The California Supreme Court has ruled in Brinker Restaurant Corp. v. Superior Court that companies are not obligated to make sure that their employees take legally mandated lunch breaks. Companies must give nonexempt workers 30-minute meal breaks, but do not need to ensure their workers actually stop working during the breaks. Companies must give a meal break no later than the end of the fifth hour of work and a second break no later than the end of the 10th hour of work.
A publication from Seyfarth and Shaw LLP summarized the Court’s findings as follows:
- Meal breaks. Employers must “provide” their non-exempt employees with 30-minute meal breaks in the sense of relieving the employees of all duty, but need not ensure that they actually cease to work during those breaks.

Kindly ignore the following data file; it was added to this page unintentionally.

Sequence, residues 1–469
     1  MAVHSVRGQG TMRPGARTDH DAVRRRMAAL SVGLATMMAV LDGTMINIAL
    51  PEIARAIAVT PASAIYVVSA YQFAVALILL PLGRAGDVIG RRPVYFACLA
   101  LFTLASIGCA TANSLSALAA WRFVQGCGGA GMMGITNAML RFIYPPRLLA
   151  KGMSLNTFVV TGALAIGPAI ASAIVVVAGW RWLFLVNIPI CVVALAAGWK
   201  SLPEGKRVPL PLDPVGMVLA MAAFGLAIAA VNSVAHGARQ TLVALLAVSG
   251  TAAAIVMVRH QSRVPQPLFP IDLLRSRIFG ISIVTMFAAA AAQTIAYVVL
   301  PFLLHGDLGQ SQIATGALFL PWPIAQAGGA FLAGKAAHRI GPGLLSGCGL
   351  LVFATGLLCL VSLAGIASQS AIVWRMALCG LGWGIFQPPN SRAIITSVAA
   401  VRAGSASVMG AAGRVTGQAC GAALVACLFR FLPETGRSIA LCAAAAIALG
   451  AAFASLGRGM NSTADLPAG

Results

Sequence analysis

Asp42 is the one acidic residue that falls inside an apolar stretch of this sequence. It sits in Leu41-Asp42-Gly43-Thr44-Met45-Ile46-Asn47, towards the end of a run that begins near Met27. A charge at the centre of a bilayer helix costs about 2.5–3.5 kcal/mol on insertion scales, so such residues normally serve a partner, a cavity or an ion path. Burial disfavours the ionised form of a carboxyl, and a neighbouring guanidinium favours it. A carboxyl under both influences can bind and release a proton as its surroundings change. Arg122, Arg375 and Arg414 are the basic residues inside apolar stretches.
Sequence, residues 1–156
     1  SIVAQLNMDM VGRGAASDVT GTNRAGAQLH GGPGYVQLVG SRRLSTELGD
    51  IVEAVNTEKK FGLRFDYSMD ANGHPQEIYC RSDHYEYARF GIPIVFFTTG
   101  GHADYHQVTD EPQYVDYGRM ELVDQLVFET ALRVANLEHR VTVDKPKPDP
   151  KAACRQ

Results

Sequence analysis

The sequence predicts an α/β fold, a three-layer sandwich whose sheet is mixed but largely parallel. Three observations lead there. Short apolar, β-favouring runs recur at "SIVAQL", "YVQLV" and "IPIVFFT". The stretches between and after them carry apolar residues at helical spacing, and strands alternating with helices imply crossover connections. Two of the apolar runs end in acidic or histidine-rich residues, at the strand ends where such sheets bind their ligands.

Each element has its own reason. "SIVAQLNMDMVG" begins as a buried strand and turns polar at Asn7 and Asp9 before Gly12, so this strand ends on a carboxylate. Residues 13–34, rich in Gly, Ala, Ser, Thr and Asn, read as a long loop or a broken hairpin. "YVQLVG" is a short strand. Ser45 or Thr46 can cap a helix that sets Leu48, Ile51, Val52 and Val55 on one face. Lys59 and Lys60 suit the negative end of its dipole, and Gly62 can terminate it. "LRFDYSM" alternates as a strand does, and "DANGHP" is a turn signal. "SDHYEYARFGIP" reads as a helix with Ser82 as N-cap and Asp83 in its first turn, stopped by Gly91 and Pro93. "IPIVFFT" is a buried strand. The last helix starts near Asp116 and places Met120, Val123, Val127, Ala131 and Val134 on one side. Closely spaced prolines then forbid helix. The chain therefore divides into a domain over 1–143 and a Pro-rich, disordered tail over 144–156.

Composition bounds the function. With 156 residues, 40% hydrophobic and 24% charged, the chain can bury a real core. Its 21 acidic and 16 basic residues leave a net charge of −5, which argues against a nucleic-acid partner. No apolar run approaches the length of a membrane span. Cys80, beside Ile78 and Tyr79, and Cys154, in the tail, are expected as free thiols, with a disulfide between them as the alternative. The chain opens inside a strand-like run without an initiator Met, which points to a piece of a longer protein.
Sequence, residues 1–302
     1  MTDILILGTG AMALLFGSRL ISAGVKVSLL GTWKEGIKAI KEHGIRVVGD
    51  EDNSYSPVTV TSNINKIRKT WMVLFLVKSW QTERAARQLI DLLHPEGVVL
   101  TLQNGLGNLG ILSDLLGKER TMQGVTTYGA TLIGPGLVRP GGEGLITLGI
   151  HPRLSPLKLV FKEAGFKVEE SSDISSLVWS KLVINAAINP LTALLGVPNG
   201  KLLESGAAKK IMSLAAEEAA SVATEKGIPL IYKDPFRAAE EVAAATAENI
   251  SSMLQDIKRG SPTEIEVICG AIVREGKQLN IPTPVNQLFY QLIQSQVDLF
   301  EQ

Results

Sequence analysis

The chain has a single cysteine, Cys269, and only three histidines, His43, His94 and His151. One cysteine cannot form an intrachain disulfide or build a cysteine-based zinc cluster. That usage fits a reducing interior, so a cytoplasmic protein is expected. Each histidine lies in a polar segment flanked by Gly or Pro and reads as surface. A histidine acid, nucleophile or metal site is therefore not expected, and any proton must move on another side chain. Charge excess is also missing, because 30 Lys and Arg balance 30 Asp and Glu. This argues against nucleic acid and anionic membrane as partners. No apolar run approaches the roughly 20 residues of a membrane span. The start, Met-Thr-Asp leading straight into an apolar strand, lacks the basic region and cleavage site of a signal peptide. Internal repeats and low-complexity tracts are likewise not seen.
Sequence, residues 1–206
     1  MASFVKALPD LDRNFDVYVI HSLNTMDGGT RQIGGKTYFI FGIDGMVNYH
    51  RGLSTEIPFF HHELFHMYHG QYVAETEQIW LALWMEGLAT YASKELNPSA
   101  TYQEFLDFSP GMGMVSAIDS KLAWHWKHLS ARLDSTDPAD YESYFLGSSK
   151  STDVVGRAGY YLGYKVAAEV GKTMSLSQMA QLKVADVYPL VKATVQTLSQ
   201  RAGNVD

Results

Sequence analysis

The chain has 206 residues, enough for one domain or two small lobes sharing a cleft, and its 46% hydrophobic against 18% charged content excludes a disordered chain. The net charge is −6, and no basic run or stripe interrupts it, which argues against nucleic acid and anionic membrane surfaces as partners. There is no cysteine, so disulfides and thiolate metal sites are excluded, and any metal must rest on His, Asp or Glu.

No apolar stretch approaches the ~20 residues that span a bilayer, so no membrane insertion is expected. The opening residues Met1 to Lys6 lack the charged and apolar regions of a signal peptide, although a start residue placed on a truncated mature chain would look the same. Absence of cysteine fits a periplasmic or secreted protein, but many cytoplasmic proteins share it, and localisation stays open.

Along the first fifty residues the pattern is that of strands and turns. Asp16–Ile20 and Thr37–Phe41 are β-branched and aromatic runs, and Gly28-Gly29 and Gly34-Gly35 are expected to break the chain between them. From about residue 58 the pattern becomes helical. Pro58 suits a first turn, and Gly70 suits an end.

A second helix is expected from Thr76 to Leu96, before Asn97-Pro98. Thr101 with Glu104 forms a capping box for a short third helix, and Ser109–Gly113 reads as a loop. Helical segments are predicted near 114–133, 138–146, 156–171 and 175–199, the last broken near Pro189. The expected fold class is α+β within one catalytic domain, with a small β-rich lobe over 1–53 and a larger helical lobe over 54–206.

- Meal break timing. Employers properly time meal breaks by providing the first break no later than the end of the fifth hour of work, and the second break no later than the end of the tenth hour of work. (The court rejected the plaintiff’s proposed “rolling five-hour rule,” by which a violation would occur if more than five consecutive hours of work occur without a meal break.)
- Rest breaks. Non-exempt employees are entitled to a single 10-minute rest break for a shift from 3.5 to 6.0 hours in length, two 10-minute rest breaks for a shift of more than 6.0 and up to 10.0 hours, and three 10-minute rest breaks for a shift of more than 10.0 hours and up to 14.0 hours.
- Rest break timing. Rest breaks ordinarily should be permitted in the middle of each four-hour work period, but need not be provided before a meal break.
The Court’s descision sets an interesting precendent for other states to consider in future labor law cases.
Please see the following resources for more information:
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